Post by J. Walter Weatherman on Mar 4, 2011 23:09:09 GMT -5
For anyone who's interested, this is an awesome article about the genesis of the term "math rock" and what that label has come to encompass. It's pretty focused on the Nor Cal area, but its still a great read with a couple good videos. The guy from Planets (on a bass with an octave shifter pedal) can shred a bass so hard its not even funny. An Excerpt:
"Like so many other presumptive genre names – emo, prog, hyphy, etc. – “math rock,” does so little to actually explain the mechanics of the music within the genre. As a term, “math rock” came from post-punk and hardcore bands playing around with asymmetric or changing time signatures. Its original usage was somewhat derogatory and reductive, with the playful ambiguity of the word “math” yielding both endearing and annoying responses. Does “math” mean math-themed, as in “This song goes out to Riemann’s Zeta Function,” or does it mean mathematically derived, as in “This song is composed only using All-Interval Rows?” Both are off the mark. Especially considering math and music have very profound and subtle connections stemming from subfields in set theory, group theory, and number theory, the “math” of math rock only referring to a few unexpected time signatures seems particularly narrow.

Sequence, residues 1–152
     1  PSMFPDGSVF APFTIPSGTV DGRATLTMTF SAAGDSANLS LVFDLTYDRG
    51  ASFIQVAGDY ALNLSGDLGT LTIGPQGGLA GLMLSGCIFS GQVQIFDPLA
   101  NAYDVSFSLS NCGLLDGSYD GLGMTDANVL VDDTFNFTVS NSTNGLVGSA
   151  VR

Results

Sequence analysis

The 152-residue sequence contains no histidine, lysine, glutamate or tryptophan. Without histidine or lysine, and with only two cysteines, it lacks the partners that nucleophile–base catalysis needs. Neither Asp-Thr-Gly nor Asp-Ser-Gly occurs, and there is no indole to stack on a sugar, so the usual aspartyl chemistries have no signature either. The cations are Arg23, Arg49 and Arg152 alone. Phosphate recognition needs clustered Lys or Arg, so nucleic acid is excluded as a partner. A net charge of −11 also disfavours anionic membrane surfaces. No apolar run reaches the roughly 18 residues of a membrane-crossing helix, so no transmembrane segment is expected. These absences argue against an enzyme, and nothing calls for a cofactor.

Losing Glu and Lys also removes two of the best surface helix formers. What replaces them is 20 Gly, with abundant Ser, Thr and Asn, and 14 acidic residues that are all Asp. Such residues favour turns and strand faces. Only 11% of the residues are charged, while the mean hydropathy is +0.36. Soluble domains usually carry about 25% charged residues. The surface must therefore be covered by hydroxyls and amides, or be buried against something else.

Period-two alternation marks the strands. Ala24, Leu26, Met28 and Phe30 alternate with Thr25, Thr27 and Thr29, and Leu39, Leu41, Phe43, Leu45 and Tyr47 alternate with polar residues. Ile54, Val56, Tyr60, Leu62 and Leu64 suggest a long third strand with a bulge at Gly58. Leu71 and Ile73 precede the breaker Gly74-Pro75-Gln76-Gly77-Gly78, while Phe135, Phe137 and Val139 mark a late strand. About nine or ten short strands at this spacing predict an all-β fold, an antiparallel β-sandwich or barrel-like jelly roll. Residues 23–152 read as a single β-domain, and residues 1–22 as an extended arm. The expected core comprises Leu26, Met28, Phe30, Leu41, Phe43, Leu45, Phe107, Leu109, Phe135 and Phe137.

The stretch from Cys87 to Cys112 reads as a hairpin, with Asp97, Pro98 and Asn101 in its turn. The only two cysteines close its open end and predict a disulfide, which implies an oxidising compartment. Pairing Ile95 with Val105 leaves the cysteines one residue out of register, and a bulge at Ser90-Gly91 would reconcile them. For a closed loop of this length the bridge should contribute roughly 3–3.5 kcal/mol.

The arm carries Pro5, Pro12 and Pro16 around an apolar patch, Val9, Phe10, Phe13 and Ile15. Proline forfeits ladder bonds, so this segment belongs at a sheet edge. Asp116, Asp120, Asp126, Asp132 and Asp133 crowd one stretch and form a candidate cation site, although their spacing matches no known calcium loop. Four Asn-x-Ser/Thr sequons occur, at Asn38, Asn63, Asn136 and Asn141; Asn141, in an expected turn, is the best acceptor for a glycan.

For better or worse, we’re stuck with “math rock” as the definitive genre term to helpfully explain a musical movement that ranges from bands like June of 44 and Don Caballero to Battles and Tortoise. The unifying musical traits of math rock are numerous and easily identified. Vocals are played down, with many bands being instrumental; guitar and bass often use two-handed tapping techniques; drumming is unexpected and accents and timbres are varied constantly; songs rarely use the verse-chorus-verse structure; rhythmically, pieces will move through multiple time signatures, tempos, or feels; melodically, the music is highly polyphonic, with no one dominant melodic line coming from any one instrument; harmonically, tonal and atonal paradigms (12-tone, set theory, modal) don’t necessarily apply; shit generally be crazy. The laundry list goes on and those listed don’t even begin to capture the complexity of math rock’s general “sound.”"